Many animal tissues undergo homeostatic growth in which spent differentiated cells are replaced by the progeny of resident stem or progenitor cells. In the epithelial lining of animal intestines high rates of cell turnover are presumed to vary according to changes in food composition and dietary exposures to toxins, pathogens, and chemical or mechanical injury. To maintain normal gut structure and function (i.e.
homeostasis) intestinal stem cells likely respond to variations in cell loss with corresponding changes in rates of self-renewal and differentiation. How this occurs is not well understood. According to a prevalent view of the vertebrate intestine, stem- and transient amplifying cell divisions in the crypts of Lieberkühn, promoted by WNT signaling, drive gut epithelial renewal in a “conveyor-belt” fashion, generating a constant supply of differentiated cells to the villi, where they are autonomously exfoliated (Gregorieff and Clevers, 2005
; Sancho et al., 2004
). In its simplest form this model does not incorporate feedback from the differentiated epithelium to progenitor cells, and therefore lacks the means to maintain stasis when rates of epithelial cell loss vary. More sophisticated models that do incorporate feedback have been discussed: for instance negative cross-talk between BMP signaling in the villi and WNT signaling in the crypts might allow true homeostasis (Crosnier et al., 2006
; Gregorieff and Clevers, 2005
). But rigorous tests of the cross-regulatory interactions required have so far not been possible in a vertebrate. In this respect the Drosophila
midgut, which is simpler than its vertebrate counterparts but has similar cell types and signaling interactions, is technically advantageous.
adult midgut is maintained by intestinal stem cells (ISCs) that self-renew and also produce the two principal differentiated cell types of the intestinal epithelium, absorptive enterocytes (ECs) and secretory enteroendocrine (EE) cells (Micchelli and Perrimon, 2006
; Ohlstein and Spradling, 2006
). The midgut also maintains many non-dividing, undifferentiated ISC daughters termed enteroblasts (EBs), which can differentiate directly. Differentiation requires Delta/Notch signaling from the ISC to its EB daughter and, as in mammals, the fate decision taken (absorptive vs. secretory) is thought to depend upon the intensity of Notch signaling received by an EB (Ohlstein and Spradling, 2007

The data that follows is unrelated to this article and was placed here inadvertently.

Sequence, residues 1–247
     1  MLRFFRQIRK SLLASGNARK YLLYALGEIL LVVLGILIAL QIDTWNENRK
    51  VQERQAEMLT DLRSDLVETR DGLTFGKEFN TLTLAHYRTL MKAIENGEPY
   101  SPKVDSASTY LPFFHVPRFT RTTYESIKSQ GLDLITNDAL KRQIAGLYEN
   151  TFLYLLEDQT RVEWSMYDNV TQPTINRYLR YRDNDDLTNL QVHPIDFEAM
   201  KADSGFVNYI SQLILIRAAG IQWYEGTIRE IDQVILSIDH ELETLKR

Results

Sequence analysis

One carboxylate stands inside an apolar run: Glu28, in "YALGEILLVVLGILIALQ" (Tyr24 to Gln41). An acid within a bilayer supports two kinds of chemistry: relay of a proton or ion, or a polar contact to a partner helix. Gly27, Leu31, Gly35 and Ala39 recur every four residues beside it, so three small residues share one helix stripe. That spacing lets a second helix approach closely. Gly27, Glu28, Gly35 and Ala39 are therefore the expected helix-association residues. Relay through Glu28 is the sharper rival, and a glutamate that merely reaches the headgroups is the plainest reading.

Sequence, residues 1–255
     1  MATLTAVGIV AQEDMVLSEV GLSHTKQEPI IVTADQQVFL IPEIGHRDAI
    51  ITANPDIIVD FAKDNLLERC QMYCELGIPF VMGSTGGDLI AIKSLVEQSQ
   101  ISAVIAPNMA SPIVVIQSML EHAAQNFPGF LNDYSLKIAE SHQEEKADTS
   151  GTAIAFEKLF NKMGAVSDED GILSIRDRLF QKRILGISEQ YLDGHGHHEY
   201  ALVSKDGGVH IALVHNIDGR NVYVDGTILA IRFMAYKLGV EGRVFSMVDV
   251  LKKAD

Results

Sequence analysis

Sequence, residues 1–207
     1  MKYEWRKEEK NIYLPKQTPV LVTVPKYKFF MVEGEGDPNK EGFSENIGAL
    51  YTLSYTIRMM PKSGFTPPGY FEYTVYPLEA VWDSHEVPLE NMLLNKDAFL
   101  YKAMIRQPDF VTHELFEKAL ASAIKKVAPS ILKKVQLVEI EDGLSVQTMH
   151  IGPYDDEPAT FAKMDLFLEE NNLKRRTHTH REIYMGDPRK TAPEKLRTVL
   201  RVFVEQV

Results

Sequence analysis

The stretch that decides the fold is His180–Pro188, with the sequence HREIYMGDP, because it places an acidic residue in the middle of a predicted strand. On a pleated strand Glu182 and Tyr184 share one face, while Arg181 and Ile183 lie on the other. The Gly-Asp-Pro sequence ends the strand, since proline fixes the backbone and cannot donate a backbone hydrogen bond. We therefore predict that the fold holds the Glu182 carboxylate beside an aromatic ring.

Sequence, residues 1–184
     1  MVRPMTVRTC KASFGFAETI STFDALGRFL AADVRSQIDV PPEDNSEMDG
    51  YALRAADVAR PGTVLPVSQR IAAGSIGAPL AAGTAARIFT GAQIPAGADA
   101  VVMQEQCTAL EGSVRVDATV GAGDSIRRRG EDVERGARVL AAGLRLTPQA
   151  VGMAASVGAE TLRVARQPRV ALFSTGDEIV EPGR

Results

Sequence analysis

). Lineage analysis suggests that differentiated cells in the midgut epithelium turn over roughly weekly in well-fed flies, as in mammals.
Studies of dissociated Lepidopteran midguts found that cell death caused by Bacillus thuringiensis (Bt)
endotoxin stimulated the division of a population of cells that were probably ISCs (Hakim et al., 2001
; Loeb et al., 2001
), and recent reports document mitoses in Drosophila
midguts in response to ingested detergent (Amcheslavsky et al., 2009
) or bacteria (Buchon et al., 2009
). These findings suggest that the loss of damaged ECs stimulates ISC division. Since EB differentiation coincides with a reduction in their contact with a basement membrane, it has also been proposed that this membrane or underlying visceral muscle might provide a niche that promotes stemness and suppresses differentiation (Ohlstein and Spradling, 2007
). Consistent with this, the WNT ligand wg
is expressed in visceral muscle, and is important for ISC survival (Lin et al., 2008
We show here that the Drosophila midgut can rapidly regenerate after enterocytes are ablated, or subjected to enteric infection or stress signaling. Damaged or stressed ECs produce the Unpaired cytokines (Upd, Upd2, Upd3). These ligands and their downstream effectors Domeless (dome, an IL-6R-like receptor), Hopscotch (hop, a Janus Kinase; Jak) and Stat92E (a STAT3-like transcription factor) have important roles in germ stem cell maintenance and the immune response in Drosophila. In the midgut, Upds produced by spent ECs trigger Jak/Stat signaling in ISCs and EBs, promoting their division and differentiation respectively, and thereby driving renewal of the gut epithelium.